According to an official notice to Friedman and other organizational staff shared with Hyperallergic, Fire Marshal John Rankin shut the event down entirely because there was “standing water on walking surfaces” and “water had immersed and impinged on electrical cords and connections,” determining that patrons and participants were at risk for “health and safety issues” and “potential electrical shock.”

In a phone conversation with Hyperallergic, Rankin underscored the significant rainfall and alleged that the electrical lines onsite were likely provided both by independent vendors and electrician services. Friedman added that all the electrical work performed by the modular power company Aggreko “was excellent under normal conditions” and that the installation was typical for a 70,000-square-foot venue like that of the fair.

When it came time to de-install the booths on Monday, July 17, after the fair had ended early and the storm subsided, Goldberg said that there was no light or air-conditioning. “It was so hot and horrible that I poured a bottle of water on my head,” she said. “How can you pack up millions of dollars of work in these conditions, without light?”

Emmanuel Fremin of Fremin Gallery also stated that “the smell of mold was everywhere in the fair” during the de-installation, adding that he believes it was an “extremely hazardous situation.”

“I do not think that the town will allow any fairs to take place at this location again,” Fremin continued, though he noted that he was able to make some sales even after the power had gone out.

Friedman told Hyperallergic that he was under strict instruction by Rankin and the Department of Fire Prevention not to turn the power back on under any circumstances. “Rankin made this decision in the best interest of safety,” Friedman said.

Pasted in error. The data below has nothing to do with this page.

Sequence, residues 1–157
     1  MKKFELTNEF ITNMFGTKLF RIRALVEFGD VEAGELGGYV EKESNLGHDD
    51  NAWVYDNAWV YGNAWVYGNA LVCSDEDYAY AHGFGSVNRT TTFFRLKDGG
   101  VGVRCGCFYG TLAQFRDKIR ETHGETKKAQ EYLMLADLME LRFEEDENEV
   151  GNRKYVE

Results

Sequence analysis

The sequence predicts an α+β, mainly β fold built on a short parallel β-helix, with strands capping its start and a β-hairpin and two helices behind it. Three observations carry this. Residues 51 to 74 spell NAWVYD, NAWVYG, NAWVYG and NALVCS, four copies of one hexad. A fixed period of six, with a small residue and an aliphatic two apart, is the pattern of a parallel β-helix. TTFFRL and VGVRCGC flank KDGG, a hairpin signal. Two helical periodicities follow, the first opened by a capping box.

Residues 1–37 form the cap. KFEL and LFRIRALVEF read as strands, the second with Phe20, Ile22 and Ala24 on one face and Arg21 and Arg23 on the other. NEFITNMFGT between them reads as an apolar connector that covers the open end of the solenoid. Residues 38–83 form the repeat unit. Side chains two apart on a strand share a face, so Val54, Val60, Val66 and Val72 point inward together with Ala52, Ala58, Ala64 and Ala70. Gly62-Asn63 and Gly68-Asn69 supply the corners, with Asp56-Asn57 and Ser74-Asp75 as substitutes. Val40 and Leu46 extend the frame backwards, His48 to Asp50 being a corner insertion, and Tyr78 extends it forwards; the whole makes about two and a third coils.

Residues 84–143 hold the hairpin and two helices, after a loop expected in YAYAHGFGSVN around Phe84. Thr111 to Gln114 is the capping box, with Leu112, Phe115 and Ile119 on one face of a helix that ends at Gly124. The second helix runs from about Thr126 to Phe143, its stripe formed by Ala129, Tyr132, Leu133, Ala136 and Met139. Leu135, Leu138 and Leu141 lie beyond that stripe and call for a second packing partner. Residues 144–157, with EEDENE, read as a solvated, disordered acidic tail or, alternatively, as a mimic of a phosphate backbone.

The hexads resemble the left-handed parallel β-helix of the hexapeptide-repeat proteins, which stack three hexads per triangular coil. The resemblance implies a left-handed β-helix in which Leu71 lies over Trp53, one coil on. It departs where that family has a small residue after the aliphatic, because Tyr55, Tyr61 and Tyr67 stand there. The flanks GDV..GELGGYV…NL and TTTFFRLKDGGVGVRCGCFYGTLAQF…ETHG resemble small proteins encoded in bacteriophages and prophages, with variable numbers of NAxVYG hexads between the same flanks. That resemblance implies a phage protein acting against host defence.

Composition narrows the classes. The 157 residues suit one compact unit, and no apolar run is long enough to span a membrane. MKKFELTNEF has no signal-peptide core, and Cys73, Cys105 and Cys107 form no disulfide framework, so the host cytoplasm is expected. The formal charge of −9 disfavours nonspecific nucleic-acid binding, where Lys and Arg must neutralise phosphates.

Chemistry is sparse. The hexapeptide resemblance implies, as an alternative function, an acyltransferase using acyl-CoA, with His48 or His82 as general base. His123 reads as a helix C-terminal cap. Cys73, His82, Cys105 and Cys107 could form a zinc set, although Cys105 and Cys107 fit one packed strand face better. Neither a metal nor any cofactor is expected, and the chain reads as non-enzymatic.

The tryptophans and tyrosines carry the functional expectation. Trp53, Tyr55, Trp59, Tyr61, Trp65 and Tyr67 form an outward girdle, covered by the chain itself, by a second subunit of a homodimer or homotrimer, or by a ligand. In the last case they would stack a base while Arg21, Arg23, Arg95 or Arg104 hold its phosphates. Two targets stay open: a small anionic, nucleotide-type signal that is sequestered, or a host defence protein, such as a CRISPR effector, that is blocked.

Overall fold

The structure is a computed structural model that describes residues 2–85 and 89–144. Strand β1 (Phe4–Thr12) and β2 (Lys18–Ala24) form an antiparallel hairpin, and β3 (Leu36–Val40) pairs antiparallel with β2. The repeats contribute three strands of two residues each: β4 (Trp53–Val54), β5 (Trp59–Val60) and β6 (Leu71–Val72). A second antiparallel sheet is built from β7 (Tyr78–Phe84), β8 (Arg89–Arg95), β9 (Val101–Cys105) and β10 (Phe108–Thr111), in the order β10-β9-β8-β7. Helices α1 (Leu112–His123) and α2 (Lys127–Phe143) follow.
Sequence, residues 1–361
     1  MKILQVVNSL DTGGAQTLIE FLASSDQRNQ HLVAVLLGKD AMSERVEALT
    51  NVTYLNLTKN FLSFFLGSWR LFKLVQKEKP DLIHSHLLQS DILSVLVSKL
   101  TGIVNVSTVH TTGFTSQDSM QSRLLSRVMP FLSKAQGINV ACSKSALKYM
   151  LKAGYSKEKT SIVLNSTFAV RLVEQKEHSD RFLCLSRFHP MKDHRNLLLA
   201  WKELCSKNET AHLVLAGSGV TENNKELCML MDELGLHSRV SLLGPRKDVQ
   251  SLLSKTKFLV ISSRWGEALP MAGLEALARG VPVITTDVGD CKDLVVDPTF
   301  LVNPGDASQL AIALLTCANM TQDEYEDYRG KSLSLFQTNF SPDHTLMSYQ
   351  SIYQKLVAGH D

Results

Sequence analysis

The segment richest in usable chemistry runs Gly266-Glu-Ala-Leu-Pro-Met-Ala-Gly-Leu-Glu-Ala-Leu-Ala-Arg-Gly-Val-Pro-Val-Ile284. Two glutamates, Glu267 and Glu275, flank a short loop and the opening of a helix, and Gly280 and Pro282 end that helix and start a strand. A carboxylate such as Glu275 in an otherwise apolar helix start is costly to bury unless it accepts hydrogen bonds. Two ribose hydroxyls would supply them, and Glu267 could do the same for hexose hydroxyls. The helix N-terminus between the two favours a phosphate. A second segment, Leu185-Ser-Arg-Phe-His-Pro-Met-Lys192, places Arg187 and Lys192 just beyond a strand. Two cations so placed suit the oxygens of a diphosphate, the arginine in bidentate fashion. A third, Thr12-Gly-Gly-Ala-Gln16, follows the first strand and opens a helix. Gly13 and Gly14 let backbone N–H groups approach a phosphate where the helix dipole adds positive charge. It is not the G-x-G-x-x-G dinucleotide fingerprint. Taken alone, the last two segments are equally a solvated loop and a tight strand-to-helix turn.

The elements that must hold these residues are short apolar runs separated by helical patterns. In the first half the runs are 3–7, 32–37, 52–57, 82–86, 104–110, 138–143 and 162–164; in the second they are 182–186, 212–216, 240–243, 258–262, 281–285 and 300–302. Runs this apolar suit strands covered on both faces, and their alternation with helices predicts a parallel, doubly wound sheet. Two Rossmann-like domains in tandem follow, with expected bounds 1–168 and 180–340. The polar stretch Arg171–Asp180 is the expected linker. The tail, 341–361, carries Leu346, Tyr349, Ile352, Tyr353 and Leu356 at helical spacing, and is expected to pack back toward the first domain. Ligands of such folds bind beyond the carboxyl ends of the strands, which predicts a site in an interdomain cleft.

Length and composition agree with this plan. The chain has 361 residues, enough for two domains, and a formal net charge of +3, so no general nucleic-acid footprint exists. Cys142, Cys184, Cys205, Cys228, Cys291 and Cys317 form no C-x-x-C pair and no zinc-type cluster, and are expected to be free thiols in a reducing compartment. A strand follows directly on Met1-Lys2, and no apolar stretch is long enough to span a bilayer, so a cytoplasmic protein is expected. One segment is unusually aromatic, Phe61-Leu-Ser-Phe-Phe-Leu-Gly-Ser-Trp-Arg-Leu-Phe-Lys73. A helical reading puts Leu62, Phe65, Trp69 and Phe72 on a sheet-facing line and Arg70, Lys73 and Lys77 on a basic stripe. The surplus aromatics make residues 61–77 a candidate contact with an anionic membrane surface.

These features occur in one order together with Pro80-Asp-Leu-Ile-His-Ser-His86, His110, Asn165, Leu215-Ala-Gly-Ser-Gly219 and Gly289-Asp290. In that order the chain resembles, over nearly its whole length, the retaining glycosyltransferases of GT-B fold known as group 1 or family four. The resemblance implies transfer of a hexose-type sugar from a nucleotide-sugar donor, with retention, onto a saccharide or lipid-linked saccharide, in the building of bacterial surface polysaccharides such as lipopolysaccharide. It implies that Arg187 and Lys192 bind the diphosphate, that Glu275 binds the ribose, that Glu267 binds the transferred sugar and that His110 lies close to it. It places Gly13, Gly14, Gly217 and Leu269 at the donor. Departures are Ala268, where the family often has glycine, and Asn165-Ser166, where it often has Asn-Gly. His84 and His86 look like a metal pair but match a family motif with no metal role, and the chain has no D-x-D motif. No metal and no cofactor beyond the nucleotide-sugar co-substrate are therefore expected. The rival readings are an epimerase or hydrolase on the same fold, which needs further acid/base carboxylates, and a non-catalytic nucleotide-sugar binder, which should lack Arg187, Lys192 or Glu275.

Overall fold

A Midwestern artist whose work was on view at one of the booths, who preferred to remain anonymous, was unconvinced by the whole affair and said that many others were as well.

“I’ve been doing shows like this for years and have never seen such a poor production, especially for the cost for doing these shows,” they told Hyperallergic. “I know many galleries were unhappy and have a right to be. The show in my opinion was poorly organized and produced on the cheap.”

Friedman had a rosier take on the aftermath of the storm, sharing that the venue was secured by armed guards after evacuation, nobody got hurt, the fair had record attendance, and that the antique gallery MS Rau, which had a booth at the fair, “sold its dramatic Picasso painting for $5.5 million over the phone to an attendee during the storm shutdown.”

But Goldberg and the unnamed gallerist feel that the fair administration “refuted any responsibility and wrongdoing” through their contract and simply instructed participants to “contact [their] insurance,” allegedly without an apology.

“If they had built it properly, this would not have happened,” Goldberg left off, saying that she would be contacting affected participants to see if they could pursue next steps together.